November 2008

Now that I’ve built this website which a lot of people liked, these same people like to see an update once in a while. Now sometimes you may feel that definitely there is progress, but you just don’t have a lot to show for it. This is the case today. But, after two years, the restoration of the bulkhead plates is finished, and I’ve experimented and learned how to make bodywork joints. There is some debate on how to make these joints, but here’s how I do it.

Cutting joints

To join the body frame parts together, you need to cut some very accurate slots. The sort of thing you’ve read about in dusty old books on woodwork, but which somehow never seemed physically possible to do by hand. The secret to cutting slots for joints is to use a very sharp chisel. I’ve been fooling around with blunt chisels all my life without knowing it, untill my lady learned how to sharpen a chisel from a professional. The secret to achieving surgical blade sharpness is to use a wetstone with diamond particles. She gave me two of those for my birthday and now life is much easier.

Once you have the right kind of tools, all you need to do is to simply “remove the material you don’t need” , to quote the sculptor Rodin. Unfortunately, it is not so well known what he did when he accidentally removed some material which he did need! On a one-off job as complicated as this, it is inevitable that you’re going to make some mistakes. I have used two types of shims to correct my mistakes, as shown in the picture below of a slot in the door post.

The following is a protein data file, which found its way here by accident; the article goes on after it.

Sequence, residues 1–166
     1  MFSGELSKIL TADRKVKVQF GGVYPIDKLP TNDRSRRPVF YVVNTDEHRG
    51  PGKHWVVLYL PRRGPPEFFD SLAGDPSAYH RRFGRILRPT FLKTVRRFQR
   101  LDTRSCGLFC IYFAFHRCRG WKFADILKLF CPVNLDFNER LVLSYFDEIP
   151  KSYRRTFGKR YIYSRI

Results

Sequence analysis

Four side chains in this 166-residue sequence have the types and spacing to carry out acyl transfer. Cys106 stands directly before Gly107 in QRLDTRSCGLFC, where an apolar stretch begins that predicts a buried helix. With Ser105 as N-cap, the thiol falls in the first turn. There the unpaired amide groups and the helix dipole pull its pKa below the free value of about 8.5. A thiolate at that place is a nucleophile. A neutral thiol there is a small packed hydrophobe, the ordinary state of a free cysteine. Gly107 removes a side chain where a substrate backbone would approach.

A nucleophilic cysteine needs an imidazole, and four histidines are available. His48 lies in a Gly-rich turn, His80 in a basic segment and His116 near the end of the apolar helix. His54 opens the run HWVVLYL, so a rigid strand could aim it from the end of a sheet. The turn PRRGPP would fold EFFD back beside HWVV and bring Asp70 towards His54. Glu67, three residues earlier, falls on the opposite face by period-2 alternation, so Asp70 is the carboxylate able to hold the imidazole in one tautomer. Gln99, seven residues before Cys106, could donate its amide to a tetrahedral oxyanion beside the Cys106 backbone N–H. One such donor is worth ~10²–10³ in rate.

The shim on the upper surface was cut from ash and bonded in with polyurethane glue. The surface on the left is one where I couldn’t reach to take a measurement of the gap. I used a putty-like epoxy stick as a liquid shim between the two ash parts, with cling film in between to prevent it from gluing the two parts together. It worked out very nicely and produced a perfect matching surface.

The great thing about epoxy is that its physical strength is similar to that of hard wood, it doesn’t require clamping, it fills small gaps without reducing the strength of the joint, it doesn’t shrink while drying, and finally it is 100% water resistant. There is just one snag:  frequent skin contact may result in an allergy which causes your skin to strip off your hands like a glove at the slightest contact with the stuff. So beware.

The picture below shows how I spliced a bit of new wood onto the forward (left) end of the original wheel arch - using epoxy. The joint with the door post uses only wood screws, no glue, as per the original.

Wood screws

Ash body frames for the J2 were originally put together using wood screws. From left to right: an original 1933 J2 bodytub screw and two candidate replacements; a new traditional slotted screw and a Phillips type cross headed screw, both bought at the local DIY store. Of course I wanted to use new slotted screws to stay as close to the original as possible. So I took some bits of ash and played around with different pilot hole diameters and torque settings. The results are shown below: